• Massage. A special massage technique called manual lymph drainage may encourage the flow of lymph fluid out of your arm or leg. Manual lymph drainage involves special hand strokes on your affected limb to gently move lymph fluid to healthy lymph nodes, where it can drain. Massage isn't for everyone. Avoid massage if you have a skin infection, active cancer, blood clots or congestive heart failure. Also avoid massage on areas of your body that have received radiation therapy.
  • Pneumatic compression. If you receive pneumatic compression, you'll wear a sleeve over your affected arm or leg. The sleeve is connected to a pump that intermittently inflates the sleeve, putting pressure on your limb. The inflated sleeve gently moves lymph fluid away from your fingers or toes, reducing the swelling in your arm or leg.
  • Compression garments. Compression garments include long sleeves or stockings made to compress your arm or leg to encourage the flow of the lymph fluid out of your affected limb. Once you've reduced swelling in your arm or leg through other measures, your doctor may suggest you wear compression garments to prevent your limb from swelling in the future. Obtain a correct fit for your compression garment by getting professional help — ask your doctor where you can buy compression garments in your community. Some people will require custom-made compression garments.

When several of these treatments are combined, this therapy may be referred to as complete decongestive therapy (CDT). Generally, CDT isn't recommended for people who have high blood pressure, diabetes, paralysis, heart failure, blood clots or acute infections.

In cases of severe lymphedema, your doctor may consider surgery to remove excess tissue in your arm or leg. While this reduces severe swelling, surgery can't cure lymphedema.

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Coping and support

It can be frustrating to know that no cure exists for lymphedema. But if you're frustrated with the daily bandaging or constant need to protect your affected limb, know that you can control some aspects of lymphedema. To help you cope, try to:

  • Find out all you can about lymphedema. Knowing what lymphedema is and what causes it helps you better understand the signs and symptoms you experience. The more you know, the better you can communicate with your doctor or physical therapist.
  • Take care of your affected limb. Do your best to prevent complications in your arm or leg. Clean your skin daily, looking over every inch of your affected limb for signs of trouble, such as cracks and cuts. Apply lotion to prevent dry skin.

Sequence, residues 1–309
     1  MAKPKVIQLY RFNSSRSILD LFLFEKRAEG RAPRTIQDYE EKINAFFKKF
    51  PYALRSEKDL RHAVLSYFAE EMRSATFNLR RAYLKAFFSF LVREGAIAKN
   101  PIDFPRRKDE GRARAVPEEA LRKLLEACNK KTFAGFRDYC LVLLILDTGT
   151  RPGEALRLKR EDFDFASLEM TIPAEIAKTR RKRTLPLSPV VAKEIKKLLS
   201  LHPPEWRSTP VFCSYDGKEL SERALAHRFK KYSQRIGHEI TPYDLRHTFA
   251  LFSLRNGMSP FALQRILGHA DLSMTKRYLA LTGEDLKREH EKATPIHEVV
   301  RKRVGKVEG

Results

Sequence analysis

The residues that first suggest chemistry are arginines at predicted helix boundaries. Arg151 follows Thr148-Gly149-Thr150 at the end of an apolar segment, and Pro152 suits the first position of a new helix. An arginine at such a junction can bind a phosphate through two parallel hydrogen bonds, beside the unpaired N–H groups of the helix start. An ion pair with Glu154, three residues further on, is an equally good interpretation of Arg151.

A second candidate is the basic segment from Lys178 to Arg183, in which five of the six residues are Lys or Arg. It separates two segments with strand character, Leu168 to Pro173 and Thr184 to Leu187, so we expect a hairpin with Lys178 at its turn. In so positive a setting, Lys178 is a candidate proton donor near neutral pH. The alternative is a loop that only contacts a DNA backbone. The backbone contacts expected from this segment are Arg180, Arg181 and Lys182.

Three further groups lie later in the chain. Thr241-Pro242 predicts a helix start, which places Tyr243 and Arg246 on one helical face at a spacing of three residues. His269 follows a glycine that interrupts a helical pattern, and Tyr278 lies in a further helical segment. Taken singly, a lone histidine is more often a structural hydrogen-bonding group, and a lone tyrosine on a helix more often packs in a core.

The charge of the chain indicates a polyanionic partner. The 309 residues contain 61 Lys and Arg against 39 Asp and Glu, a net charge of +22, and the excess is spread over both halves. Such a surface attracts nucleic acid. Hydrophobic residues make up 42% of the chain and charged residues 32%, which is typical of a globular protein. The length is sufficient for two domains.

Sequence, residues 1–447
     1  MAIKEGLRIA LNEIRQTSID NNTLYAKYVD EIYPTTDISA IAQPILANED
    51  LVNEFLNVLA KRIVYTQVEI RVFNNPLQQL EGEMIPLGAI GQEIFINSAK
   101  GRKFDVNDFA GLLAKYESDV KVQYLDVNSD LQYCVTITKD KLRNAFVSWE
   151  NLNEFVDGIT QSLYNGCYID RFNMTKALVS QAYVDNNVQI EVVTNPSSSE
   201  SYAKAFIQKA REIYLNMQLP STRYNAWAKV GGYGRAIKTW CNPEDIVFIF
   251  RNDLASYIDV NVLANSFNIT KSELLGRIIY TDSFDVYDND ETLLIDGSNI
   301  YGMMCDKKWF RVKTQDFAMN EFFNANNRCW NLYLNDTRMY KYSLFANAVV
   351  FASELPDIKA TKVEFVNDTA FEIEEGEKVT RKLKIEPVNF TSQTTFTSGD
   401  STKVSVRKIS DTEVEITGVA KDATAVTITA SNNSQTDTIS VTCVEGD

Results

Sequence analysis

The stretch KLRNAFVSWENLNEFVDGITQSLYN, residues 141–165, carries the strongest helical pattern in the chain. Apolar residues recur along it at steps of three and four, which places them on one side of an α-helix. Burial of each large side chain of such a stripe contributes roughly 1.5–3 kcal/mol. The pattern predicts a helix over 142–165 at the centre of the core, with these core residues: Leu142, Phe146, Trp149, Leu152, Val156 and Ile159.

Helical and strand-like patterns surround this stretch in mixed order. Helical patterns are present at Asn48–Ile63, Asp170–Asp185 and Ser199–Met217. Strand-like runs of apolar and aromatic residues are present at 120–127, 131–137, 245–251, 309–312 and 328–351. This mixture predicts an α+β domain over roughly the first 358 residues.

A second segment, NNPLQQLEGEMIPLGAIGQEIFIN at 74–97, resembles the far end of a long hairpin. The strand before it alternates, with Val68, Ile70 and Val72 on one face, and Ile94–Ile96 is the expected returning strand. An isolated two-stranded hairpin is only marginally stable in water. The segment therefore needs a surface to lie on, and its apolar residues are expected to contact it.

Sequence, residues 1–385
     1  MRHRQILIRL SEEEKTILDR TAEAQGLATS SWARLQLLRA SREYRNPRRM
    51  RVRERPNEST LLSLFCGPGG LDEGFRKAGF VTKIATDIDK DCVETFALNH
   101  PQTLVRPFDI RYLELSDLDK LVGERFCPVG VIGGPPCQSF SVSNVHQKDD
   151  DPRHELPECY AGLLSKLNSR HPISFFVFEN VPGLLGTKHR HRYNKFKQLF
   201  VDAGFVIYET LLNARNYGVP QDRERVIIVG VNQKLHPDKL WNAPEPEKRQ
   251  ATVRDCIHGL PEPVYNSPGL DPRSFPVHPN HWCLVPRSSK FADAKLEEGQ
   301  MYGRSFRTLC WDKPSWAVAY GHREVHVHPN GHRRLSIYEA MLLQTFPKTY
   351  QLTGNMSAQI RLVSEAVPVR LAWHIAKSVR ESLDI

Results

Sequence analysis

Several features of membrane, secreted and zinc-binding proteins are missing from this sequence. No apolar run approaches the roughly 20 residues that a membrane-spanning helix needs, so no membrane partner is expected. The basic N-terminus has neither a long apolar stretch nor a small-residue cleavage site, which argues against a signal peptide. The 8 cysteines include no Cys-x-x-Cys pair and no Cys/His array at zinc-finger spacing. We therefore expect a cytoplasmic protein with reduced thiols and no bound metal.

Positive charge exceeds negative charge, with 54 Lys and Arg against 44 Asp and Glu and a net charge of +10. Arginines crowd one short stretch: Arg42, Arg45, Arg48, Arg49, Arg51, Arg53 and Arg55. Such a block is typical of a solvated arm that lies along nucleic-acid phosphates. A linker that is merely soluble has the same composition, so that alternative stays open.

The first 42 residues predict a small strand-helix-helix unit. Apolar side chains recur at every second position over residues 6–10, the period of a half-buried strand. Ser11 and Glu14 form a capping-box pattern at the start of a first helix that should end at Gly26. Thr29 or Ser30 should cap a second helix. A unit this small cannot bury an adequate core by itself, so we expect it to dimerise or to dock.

• Take care of your whole body. Eat a diet full of fruits and vegetables. Exercise daily, if you can. Reduce the stress in your life that you can control. Try to get enough sleep so that you wake up refreshed each morning. Taking care of your body gives you more energy, encourages healing and helps you control your lymphedema.
  • Get support from others with lymphedema. Whether you attend support group meetings in your community or participate in online message boards and chat rooms, it helps to talk to people who understand what you're going through. Contact the National Lymphedema Network to find support groups in your area. They can also put you in touch with other people with lymphedema with whom you can connect via email or letter.

If you feel frustrated or overwhelmed by lymphedema, talk to your doctor or other health care provider about how you feel. He or she may be able to address your concerns.

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Prevention

If you're at risk of developing secondary lymphedema, you can take measures to help prevent it. If you've had or are going to have cancer surgery, ask your doctor whether your particular procedure will involve your lymph nodes or lymph vessels. Ask if your radiation treatment will be aimed at any of your lymph nodes, so you'll be aware of the possible risks.

To reduce your risk of lymphedema, try to:

  • Protect your arm or leg. Avoid any injury to your affected limb. Cuts, scrapes and burns can all invite infection, which can result in lymphedema. Protect yourself from sharp objects. For example, shave with an electric razor, wear gloves when you garden or cook, and use a thimble when you sew. If possible, avoid medical procedures, such as blood draws and vaccinations, in your affected limb.
  • Rest your arm or leg while recovering. After cancer treatment, avoid heavy activity with that limb. Early exercise and stretching are encouraged, but avoid strenuous activity until you've recovered from surgery or radiation.
  • Avoid heat on your arm or leg. Don't apply heat, such as with a heating pad, to your affected limb.
  • Elevate your arm or leg. When you get a chance, elevate your affected limb above the level of your heart, if possible.
  • Avoid tight clothing. Avoid anything that could constrict your arm or leg, such as tightfitting clothing and, in the case of your arm, blood pressure readings. Ask that your blood pressure be taken in your other arm.
  • Keep your arm or leg clean. Make skin care and nail care high priorities. Inspect the skin on your arm or leg every day, keeping watch for changes or breaks in your skin that could lead to infection. Don't go barefoot outdoors.